Meaning of headcase in English:


Pronunciation /ˈhɛdkeɪs/


informal British
  • A mentally ill or unstable person.

    • ‘Stop being such an emotional headcase, she mentally scolded herself.’
    • ‘I refuse to accept that it can be statistically possible for the Conservative Party in the country to contain a higher percentage of headcases.’
    • ‘The producers seem to take the most fragile of headcases from our TV slots and ram them into a house stuffed with other fragile headcases.’
    • ‘I like to think I'm polite. From my boxing, people think I'm a headcase, but I surprise people when they meet me.’
    • ‘I would recommend this workout to anyone, married or single, because it makes you fit and makes you more lethal than the headcase who has his eye on you.’
    • ‘You can admit you like theatre and nobody thinks you're a headcase.’
    • ‘He has gone from thinking, ‘She's a headcase,’ to, ‘She seems like a complex, intriguing yet flawed human being, in whom I may still have an interest.’’
    • ‘Of their surviving sons, Tilden is a taciturn headcase while Bradley is a sadistic brute who chopped off one of his legs with a chainsaw.’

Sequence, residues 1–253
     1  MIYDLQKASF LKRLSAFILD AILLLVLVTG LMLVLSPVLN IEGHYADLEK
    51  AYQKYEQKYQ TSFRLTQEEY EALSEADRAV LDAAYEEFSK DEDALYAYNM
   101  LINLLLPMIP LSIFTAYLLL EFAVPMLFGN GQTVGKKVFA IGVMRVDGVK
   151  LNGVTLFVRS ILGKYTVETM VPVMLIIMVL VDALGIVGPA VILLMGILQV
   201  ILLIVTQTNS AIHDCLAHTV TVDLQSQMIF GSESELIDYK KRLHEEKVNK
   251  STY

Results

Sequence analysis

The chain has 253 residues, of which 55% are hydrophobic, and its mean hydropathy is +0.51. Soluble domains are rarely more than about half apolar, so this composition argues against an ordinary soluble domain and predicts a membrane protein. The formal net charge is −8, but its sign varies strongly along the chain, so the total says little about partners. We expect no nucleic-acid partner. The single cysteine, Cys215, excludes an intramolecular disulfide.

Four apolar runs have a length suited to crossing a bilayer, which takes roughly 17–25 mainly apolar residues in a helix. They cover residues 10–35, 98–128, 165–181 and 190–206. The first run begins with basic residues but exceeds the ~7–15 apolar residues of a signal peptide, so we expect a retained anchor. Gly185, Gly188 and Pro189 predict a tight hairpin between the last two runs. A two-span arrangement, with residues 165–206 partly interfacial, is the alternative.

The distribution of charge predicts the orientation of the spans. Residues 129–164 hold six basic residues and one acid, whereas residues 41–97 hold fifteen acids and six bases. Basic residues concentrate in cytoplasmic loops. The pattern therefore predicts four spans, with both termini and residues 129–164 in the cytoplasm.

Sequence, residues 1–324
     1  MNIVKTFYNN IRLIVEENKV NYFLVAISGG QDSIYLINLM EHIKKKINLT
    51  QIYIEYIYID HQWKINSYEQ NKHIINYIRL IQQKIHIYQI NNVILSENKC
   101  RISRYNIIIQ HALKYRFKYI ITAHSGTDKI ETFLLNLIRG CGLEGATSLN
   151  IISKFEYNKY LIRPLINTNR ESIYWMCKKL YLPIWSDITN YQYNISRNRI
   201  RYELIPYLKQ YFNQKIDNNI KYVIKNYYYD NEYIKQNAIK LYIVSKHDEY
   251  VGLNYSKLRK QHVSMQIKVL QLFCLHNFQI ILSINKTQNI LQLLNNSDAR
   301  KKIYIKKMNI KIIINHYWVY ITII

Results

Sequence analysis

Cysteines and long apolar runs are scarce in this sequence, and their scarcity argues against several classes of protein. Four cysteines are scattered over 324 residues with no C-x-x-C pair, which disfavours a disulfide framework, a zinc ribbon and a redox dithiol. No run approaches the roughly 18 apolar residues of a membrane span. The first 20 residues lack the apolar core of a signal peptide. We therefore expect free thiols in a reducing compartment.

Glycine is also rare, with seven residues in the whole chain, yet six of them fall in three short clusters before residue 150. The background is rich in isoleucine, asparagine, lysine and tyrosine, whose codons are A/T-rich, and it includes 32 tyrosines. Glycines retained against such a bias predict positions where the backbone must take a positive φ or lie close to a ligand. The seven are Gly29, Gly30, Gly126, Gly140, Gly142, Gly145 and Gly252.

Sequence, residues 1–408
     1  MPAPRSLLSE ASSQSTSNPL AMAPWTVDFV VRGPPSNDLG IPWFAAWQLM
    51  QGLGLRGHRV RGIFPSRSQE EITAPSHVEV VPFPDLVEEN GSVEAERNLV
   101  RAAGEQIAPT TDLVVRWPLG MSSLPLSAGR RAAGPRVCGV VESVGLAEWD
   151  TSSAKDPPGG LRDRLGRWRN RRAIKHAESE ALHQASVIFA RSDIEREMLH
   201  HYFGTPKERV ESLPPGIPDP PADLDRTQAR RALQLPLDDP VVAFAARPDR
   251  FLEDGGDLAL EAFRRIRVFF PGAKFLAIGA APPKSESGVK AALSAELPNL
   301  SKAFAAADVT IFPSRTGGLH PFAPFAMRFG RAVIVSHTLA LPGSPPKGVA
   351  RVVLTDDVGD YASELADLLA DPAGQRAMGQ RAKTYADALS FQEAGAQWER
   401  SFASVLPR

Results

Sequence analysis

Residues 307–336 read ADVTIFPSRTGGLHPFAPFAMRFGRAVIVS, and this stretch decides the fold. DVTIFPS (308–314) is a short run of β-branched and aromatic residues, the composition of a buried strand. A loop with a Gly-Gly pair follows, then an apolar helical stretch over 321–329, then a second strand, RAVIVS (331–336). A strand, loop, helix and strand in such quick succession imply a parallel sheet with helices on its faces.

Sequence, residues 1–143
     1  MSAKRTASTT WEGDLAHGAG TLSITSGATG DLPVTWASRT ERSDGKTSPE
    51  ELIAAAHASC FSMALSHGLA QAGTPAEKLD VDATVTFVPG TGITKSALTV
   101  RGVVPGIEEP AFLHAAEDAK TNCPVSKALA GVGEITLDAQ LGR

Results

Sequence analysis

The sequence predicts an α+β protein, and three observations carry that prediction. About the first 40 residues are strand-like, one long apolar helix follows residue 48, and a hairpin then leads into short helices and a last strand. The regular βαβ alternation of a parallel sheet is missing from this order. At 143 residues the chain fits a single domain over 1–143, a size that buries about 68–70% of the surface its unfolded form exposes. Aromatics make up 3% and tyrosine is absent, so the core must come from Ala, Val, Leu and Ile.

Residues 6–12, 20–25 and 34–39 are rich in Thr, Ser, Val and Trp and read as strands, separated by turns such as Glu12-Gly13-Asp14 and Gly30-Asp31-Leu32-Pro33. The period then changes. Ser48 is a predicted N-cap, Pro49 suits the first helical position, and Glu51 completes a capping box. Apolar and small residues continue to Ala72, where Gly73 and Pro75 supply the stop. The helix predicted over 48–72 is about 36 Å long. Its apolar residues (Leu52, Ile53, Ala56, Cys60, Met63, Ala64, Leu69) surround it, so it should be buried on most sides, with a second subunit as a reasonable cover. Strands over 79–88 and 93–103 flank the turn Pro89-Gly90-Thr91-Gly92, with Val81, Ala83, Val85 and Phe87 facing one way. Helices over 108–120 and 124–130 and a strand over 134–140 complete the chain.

• ‘You're gonna meet some headcases on this shift!’
    • ‘He was a headcase all dinner and he reeked of eau de scotch.’
    • ‘With the near-constant turmoil he's been through in two years at Minnesota - NCAA sanctions, a new coach, an academic mess - there are whispers that he could be a headcase.’
    • ‘And, because the sets are still not used by a mass-market audience, you do look like a headcase in public places speaking, apparently, into nothingness.’
    • ‘I at least hope I have convinced you that my mom is a headcase and look forward to cathartically yet necessarily reviewing the insanity of my father next Saturday.’
    • ‘‘This headcase barricades himself in a room with a set of drums, a $20 Casio keyboard, a guitar and a bass and emerges with the coolest, weirdest record of the past year.’’
    • ‘I refuse to change it because of one complete and utter headcase.’
    • ‘Let's keep this headcase and his howler-monkeys out of office for another term.’
    • ‘The strange thing is, after the exam incident, I turned into this lazy, scruffy headcase.’
    • ‘‘She thought it was a joke, that I was some kind of headcase,’ Dwan says.’
    • ‘A quiet descended so deep and calm that I felt sure the person had left, gone to pound on some other headcase's front door, but then whoever-it-was knocked again.’
    • ‘I wouldn't want to tangle with that other headcase.’
    madman, madwoman, maniac, lunatic